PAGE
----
Author Topic: Germany, Schleswig-Holstein-Sonderburg: Double death taler, 1622  (Read 376 times)

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Offline <k>

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NumisBids: Bruun Rasmussen Auction 894, Lot 386


Schleswig-Holstein-Sonderburg, Johann the Younger, 1564-1622, Reinfeld, 2 Thaler 1622, Dav. 3715, Lange 543, JSJ 22, Sieg 22, 57.64 g - a well-preserved quite lustrous, rare and spectacular double 'Death Taler' commemorating duke Johann the Younger, brother to Danish king Frederik II, and struck after his death in 1622.

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Offline Figleaf

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Re: Germany, Schleswig-Holstein-Sonderburg: Double death taler, 1622
« Reply #1 on: April 24, 2020, 11:16:32 AM »
Spectacular indeed. TFP.

Fun to see that the skull (without jaw bone) and crossed bones are used as a very late medieval memento mori. Enough to confuse a Disney pirate. Compare also the Roman posthumus issues, announcements of divinity, not a stark reminder of mortality and yet both expressions of culture.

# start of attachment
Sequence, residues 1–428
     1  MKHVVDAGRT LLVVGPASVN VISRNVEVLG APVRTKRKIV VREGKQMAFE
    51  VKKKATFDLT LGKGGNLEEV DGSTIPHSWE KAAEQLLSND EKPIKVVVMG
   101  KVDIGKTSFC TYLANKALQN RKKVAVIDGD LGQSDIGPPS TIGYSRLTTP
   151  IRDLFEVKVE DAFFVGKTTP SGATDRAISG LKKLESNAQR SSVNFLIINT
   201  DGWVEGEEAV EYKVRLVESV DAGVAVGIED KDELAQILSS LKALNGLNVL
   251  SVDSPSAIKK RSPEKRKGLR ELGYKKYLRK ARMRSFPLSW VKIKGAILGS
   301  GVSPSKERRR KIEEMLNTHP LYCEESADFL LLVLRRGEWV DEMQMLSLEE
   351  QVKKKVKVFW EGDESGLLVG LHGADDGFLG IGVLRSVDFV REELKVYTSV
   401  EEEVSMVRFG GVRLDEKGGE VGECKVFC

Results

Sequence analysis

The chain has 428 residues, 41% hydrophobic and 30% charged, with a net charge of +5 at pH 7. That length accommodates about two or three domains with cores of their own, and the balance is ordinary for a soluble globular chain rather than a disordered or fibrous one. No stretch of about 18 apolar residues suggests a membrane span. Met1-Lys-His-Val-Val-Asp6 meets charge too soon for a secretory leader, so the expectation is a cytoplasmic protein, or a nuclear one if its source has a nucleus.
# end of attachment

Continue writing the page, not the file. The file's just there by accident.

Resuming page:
Final thought: COVID-19, of course. I presume that is what moved you to post this. I hear voices saying: what's all the fuss about? People have always been dying. The oldies would have died anyway. "Dead wood" is what one particularly insensitive commentator called the elderly.

I find that both true and irrelevant. The coin you posted says "your actions by your life will determine how you will be remembered". It does not proclaim "live it up, you'll die anyway". Similarly, I think that shrugging over untimely mass death (200 000 worldwide now) is an unpardonable attitude towards human life. Yes, we make decisions that may or will cause death regularly, whether it is in the car or, these days, going to the beach, but those deaths are unwitting. If we are confronted with a preventable death, morality commands that we take action. How we react is how we build our memory after death.

« Last Edit: April 24, 2020, 01:09:31 PM by Figleaf »
An unidentified coin is a piece of metal. An identified coin is a piece of history.